I did actually finish these off last weekend during the snowy weekend but I have only just had chance to take a photo of them.
I shortened the smoke plume so the models would fit onto a 25mm base and not have to use a large 40mm base.
The flame effect is a bit stripey, it does not blend very well, I may have to revisit them.
When it is like this, there is nowt to do but paint…
These are the last of my British infantry, at least I hope they are the last and there are no more lurking in the Loft Full Of Lead.
Finished my Meridian Miniatures Gunbots, decided on green, simple really.
There is another Steam Wars game coming up so I will have to profile these little chaps up for the British army. I suspect they will be having a small confrontation with the Martians…allegedly.
We played a great game of Steam Wars last, we feel we have the rules pretty much nailed now. However, Joken reckons we will find a way to break them when we introduce more aircraft, zeppelins and copters…hmmm, could be right.
My British Expeditionary Force went up against Joken’s Kampfgruppe and we had both independently decided to reduce the number of elite units that we would normally pick.
We got to use some new pin markers, recently acquired from eBay. These are available in three colours, so we can use red for Pinned and the yellow and orange versions for extra effects such as Impeded or Disabled.
We had plenty of superb terrain as usual and I certainly found maneuvering the medium tanks a bit challenging, they did not make it far onto the battlefield.
Joken’s Landwher are looking really good, there seem to be thousands of them, and all making use of the plentiful cover available.
For a change, my British Treadbikes were not as efficient as usual, they were taken out quite quickly in this game. These are still some of my favourite models in the British roster and I find it difficult NOT to pick them.
This game was also the first outing for my Urban Constructs Drop Pod, a fine lump of resin. It plummeted from the heavens to deposit its passengers in the right place at the right time.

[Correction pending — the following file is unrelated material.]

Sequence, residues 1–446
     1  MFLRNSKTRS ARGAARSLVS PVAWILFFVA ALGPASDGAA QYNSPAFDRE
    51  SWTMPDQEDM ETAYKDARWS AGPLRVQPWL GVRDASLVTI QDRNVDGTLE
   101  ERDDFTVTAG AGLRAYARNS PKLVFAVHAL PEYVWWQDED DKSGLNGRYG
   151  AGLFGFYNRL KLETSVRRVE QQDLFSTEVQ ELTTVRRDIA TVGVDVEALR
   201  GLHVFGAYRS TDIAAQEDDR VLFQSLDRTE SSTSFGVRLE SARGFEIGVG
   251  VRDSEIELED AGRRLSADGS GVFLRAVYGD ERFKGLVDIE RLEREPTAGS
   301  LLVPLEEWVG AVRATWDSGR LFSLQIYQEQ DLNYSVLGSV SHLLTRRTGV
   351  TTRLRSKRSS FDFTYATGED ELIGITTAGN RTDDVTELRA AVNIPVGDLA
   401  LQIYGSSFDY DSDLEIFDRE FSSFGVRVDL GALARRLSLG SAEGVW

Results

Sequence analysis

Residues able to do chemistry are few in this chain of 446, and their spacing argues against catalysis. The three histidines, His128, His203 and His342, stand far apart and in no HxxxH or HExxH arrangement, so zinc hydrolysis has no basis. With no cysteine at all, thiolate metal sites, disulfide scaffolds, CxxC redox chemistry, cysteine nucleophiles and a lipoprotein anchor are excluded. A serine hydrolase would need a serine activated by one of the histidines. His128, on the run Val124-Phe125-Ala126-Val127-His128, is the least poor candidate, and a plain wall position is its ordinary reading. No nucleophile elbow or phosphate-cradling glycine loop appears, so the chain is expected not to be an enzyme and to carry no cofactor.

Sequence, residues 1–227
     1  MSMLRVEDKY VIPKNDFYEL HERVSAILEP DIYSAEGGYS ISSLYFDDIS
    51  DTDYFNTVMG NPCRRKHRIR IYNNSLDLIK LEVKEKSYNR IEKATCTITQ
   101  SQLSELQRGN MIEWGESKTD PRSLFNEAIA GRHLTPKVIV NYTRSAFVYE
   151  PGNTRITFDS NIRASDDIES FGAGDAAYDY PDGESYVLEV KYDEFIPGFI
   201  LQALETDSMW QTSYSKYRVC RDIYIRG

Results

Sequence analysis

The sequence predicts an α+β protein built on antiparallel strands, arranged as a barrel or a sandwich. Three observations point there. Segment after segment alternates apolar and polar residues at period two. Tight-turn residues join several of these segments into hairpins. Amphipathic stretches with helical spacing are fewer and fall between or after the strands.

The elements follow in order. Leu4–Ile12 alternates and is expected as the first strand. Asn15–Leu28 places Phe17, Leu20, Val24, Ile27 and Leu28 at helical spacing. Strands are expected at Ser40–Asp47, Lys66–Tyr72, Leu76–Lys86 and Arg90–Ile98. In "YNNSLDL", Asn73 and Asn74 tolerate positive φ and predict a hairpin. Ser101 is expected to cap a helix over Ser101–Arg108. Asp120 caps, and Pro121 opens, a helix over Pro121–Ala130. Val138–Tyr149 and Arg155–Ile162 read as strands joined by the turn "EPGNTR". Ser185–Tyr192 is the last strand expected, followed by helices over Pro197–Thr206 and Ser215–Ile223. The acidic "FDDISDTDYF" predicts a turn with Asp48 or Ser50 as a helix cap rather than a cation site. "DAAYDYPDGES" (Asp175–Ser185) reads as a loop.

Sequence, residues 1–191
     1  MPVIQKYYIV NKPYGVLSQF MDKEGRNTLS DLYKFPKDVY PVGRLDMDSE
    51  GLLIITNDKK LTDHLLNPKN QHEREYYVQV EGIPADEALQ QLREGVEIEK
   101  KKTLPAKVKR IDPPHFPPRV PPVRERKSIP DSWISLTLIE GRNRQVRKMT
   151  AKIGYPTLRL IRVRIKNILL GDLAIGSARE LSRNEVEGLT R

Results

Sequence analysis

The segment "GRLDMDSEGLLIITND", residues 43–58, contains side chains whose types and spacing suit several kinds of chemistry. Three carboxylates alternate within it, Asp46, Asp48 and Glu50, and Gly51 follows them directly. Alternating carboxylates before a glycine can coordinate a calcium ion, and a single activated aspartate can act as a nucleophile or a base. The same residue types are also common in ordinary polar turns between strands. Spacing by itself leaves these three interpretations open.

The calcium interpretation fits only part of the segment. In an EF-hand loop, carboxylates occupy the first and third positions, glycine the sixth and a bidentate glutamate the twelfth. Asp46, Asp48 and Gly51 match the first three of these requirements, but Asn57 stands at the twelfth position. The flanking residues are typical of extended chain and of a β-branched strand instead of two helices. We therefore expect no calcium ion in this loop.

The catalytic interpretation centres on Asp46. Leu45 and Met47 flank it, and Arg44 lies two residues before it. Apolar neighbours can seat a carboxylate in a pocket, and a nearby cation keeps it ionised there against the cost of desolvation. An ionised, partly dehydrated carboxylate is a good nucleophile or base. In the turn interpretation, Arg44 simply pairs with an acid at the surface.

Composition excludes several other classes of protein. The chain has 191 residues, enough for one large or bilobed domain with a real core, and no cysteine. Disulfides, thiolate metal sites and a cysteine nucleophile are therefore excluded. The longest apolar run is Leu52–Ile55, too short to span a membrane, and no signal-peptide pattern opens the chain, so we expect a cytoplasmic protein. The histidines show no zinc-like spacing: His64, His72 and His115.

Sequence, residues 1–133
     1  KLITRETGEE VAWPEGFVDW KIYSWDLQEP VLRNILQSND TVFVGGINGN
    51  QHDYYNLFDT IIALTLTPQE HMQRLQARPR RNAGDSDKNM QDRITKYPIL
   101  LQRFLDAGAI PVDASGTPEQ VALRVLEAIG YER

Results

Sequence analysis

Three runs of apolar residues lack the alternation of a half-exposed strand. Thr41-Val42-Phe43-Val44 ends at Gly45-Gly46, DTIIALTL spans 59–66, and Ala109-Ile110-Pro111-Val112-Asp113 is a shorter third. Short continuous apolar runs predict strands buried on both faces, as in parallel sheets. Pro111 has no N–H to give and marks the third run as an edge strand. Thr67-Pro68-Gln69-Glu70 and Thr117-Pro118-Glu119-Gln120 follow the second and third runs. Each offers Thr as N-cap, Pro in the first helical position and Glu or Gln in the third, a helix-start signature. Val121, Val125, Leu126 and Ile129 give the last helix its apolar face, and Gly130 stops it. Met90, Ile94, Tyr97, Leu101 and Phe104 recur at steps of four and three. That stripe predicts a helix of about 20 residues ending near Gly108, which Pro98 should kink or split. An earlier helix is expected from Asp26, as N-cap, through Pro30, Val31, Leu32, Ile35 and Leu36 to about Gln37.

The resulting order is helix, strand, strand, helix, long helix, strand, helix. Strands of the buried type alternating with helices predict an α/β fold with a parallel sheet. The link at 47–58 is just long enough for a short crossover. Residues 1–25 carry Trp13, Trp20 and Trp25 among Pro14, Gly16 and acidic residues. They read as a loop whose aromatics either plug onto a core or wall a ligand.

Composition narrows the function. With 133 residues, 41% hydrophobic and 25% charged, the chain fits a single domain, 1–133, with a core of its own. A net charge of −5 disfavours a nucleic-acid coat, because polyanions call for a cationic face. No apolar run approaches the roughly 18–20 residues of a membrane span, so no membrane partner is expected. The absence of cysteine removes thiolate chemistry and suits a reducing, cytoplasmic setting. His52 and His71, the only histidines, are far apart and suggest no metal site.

We are already planning our next game in a couple of weeks which gives us plenty of time to tweak our forces.
Ages ago, I lamented about all the unplayed rules I have on my bookshelf. But now I am pleased to say that In Her Majesty’s Name now moves into the played pile.
To keep it simple, I selected a 250 point Rifle Company consisting of only nine models. These were to face off against Mr Steinbergs fifteen man London Bobbies! It looks like I was going to be outnumbered.
The rules are actually pretty simple, there is not a huge model profile and for our first game, we stuck to basic weapon profiles except for a grenade launcher.
Perhaps the most fiddly aspect of the game is how the movement rate of each model must be recorded as this affects the models ability to perform a ranged attack AND how difficult is is to be hit by a ranged attack. This can make ranged shots impossible as the penalties add up quite quickly. But even for the difficult shots, if you can roll high enough, as indeed I was, that is not a problem…
Close combat is somewhat easier than ranged attacks with fewer modifiers and the movement of the models does not have any effect.
It is meant to be played as a mission based game, so capturing an objective would be easier with more models to spread around, something that the limited numbers of a Rifle Company may struggle with. Our first mission was to bump off the opposing leader, which meant we both had a single target to aim for.
I think the long term draw of In Her Majesty’s Name for me is that you can create your own model profiles and field a unique character driven company. We have another game planned and I will be using some of the fantastic Lead Adventure models kitted out with whatever fantastical weapons they are carrying.
Not very happy with the face on this one, especially when blown up here to several times its actual size.
As my Prussian Scrunts have their tunneling mole for deploying assault troops into the thick of the action, I thought my British forces could do with a nifty way of dropping in troops from above rather than below.
This is an Urban Constructs drop pod painted in standard grey with extra rust effect.
Given its size, I will profile it as an unarmed transport (obviously) and able to take six wounds worth of models, which means six regular troopers or three heavy dual wound models.